“Our wax team did an incredible job. There is a reason we have three of us in the top-20 again. They went above and beyond that is for sure.”

Graeme Killick, of Fort McMurray, Alta., cracked the top-30, placing 29th with a time of 37:04.7.

It was World Cup veteran, Emily Nishikawa, once again leading the way for the Canucks in the women’s 10-kilometre skate-ski race. The Whitehorse resident, who competed at the 2014 Olympics, gutted out a 35th place finish on the challenging Canmore Nordic Centre. Nishikawa clocked a time of 25:31.4.

“There is just not much left in the tank. This is our seventh race and so I just gave it everything I had out there,” said Nishikawa. “I didn’t feel great at all this morning. My body is very tired, but the crowd was great and helped push me through today.”

Nishikawa’s teammate and fellow Whitehorse native, Dahria Beatty, fought for the final spot in the top-40. Beatty, who had a breakthrough performance with a 15th-place finish in the sprint races on Tuesday, posted a time of 25:54.0

Norway’s Ingvild Flugstad Oestberg set the time to beat at 23:20.1. Heidi Weng clocked the second-fastest time at 23:43.1, while Finland’s Krista Parmkoski narrowly grabbed the final spot on the podium with a time of 23:44.6.

The eighth and final stage of the grueling Ski Tour Canada is set for Saturday at the Canmore Nordic Centre with the pursuit races.

Russia’s Sergey Ustiugov takes a 32.3 second lead into the final stage over Norway’s Petter Northug. Martin Johnsrud Sudby, of Norway, sits 39.6 seconds off the leading mark, while Harvey is two minutes 10.3 seconds back.

Norway’s Heidi Weng has a 30 second lead in the women’s Tour standings.

The inaugural Ski Tour Canada, which is also serving as the World Cup Finals, consists of eight races at four renowned Nordic venues in the country starting in Gatineau, Que., Montreal, Quebec City, and ending with four stages in Canmore, Alta., over a 12-day period.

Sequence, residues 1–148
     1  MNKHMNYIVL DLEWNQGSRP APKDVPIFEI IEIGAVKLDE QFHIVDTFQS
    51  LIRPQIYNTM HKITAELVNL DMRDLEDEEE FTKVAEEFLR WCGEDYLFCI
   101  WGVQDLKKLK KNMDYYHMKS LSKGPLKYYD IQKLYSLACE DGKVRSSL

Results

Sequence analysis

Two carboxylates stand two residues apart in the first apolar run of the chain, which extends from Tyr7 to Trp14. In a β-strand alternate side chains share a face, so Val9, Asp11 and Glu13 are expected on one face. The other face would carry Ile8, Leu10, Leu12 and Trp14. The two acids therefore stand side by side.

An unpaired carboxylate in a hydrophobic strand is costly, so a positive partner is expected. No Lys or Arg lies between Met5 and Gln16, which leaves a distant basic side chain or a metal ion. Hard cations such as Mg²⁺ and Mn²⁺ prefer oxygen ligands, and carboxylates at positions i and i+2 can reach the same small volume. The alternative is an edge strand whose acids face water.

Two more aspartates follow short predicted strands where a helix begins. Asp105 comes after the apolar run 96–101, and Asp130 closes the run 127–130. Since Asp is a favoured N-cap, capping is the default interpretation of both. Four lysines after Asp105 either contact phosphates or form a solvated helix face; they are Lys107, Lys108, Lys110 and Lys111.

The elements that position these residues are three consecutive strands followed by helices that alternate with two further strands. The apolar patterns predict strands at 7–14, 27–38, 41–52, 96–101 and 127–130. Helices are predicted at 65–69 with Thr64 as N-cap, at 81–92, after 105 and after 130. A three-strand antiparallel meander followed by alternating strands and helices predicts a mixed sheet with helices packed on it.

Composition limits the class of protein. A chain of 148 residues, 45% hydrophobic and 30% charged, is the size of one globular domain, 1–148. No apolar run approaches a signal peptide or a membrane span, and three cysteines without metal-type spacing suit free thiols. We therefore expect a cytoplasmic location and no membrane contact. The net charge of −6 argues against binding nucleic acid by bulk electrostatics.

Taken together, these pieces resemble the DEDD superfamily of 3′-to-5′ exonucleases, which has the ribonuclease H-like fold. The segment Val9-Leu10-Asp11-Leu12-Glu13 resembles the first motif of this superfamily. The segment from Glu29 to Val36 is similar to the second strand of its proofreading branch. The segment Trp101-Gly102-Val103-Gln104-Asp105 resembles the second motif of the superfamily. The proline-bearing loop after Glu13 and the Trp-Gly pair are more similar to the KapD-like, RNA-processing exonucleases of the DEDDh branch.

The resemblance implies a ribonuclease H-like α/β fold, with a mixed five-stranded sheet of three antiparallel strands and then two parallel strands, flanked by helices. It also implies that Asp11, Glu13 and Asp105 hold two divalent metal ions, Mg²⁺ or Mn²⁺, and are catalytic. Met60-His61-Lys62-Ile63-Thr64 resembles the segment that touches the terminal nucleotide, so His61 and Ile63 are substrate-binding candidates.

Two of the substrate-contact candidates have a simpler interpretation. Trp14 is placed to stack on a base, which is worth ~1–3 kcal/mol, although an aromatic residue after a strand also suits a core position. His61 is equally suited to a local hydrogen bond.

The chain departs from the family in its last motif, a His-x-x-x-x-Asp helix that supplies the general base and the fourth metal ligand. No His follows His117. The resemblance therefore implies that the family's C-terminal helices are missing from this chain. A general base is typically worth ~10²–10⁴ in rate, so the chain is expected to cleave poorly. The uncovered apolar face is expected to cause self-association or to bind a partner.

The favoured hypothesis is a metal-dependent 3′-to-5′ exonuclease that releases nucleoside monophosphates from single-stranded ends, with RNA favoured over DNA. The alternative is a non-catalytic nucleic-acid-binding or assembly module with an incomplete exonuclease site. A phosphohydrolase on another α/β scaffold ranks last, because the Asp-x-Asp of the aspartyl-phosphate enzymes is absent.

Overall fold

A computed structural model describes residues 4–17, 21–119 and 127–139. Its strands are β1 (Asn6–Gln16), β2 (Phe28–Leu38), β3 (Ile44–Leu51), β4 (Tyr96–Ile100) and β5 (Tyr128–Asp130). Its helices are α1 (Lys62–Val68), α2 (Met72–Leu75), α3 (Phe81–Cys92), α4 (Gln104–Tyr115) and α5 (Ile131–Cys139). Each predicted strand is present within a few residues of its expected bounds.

For complete men’s and Canadian results: http://bit.ly/1RcRViu

For complete women’s and Canadian Results:http://bit.ly/24V9uhl

CCC is the governing body of cross-country skiing in Canada, which is the nation’s optimal winter sport and recreational activity with more than one million Canadians participating annually. Its 60,000 members include athletes, coaches, officials and skiers of all ages and abilities, including those on Canada’s National Ski Teams and Para-Nordic Ski Teams. With the support of its valued corporate partners – Haywood Securities Inc., AltaGas, and Mackenzie Investments – along with the Government of Canada, Canadian Olympic Committee, Canadian Paralympic Committee, Own the Podium and B2Ten, CCC develops Olympic, Paralympic and world champions. For more information on CCC, please visit us at www.cccski.com.

Top-5 Men and Canadian Results:

1. Matti Heikkinen, FIN, 35:16.3; 2. Evgeniy Belov, RUS, 35:29.9; 3. Marcus Hellner, SWE, 35:30.2; 4. Alex Harvey, Saint-Ferréol-les-Neiges, Que., 35:38.0; 5. Robin Duvillard, FRA, 35:45.1

Canadian Results in Top-40:

10. Ivan Babikov, Canmore, Alta., 36:16.5; 20. Devon Kershaw, Sudbury, Ont., 36:46.3; 29. Graeme Killick, Fort McMurray, Alta., 37:04.7

Top-5 Women and Canadian Results:

1. Ingvild Flugstad Oestberg, NOR, 23:20.1; 2. Heidi Weng, NOR, 23:43.1; 3. Krista Parmakoski, FIN, 23:44.6; 4. Kari Oeyre Slind, NOR, 23:44.7; 5. Jessica Diggins, USA, 23:52.7

Canadian Results in Top-40:

35. Emily Nishikawa, Whitehorse, 25:31.4; 40. Dahria Beatty, Whitehorse, 25:54.0



Chris Dornan

Media and Public Relations

Cross Country Canada

T: 403-620-8731